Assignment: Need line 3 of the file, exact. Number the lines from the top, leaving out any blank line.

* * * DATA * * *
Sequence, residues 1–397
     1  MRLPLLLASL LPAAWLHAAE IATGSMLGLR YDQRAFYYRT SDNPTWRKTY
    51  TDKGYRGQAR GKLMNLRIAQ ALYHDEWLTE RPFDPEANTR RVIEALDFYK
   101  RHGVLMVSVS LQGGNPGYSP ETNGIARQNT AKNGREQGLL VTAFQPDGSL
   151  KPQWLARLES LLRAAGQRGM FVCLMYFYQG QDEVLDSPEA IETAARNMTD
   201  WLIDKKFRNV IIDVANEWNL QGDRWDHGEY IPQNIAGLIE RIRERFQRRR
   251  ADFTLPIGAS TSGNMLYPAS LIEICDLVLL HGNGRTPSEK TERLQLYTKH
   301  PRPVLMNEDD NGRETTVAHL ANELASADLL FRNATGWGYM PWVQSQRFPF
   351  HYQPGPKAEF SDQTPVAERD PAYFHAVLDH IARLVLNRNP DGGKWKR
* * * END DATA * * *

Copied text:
    51  TDKGYRGQAR GKLMNLRIAQ ALYHDEWLTE RPFDPEANTR RVIEALDFYK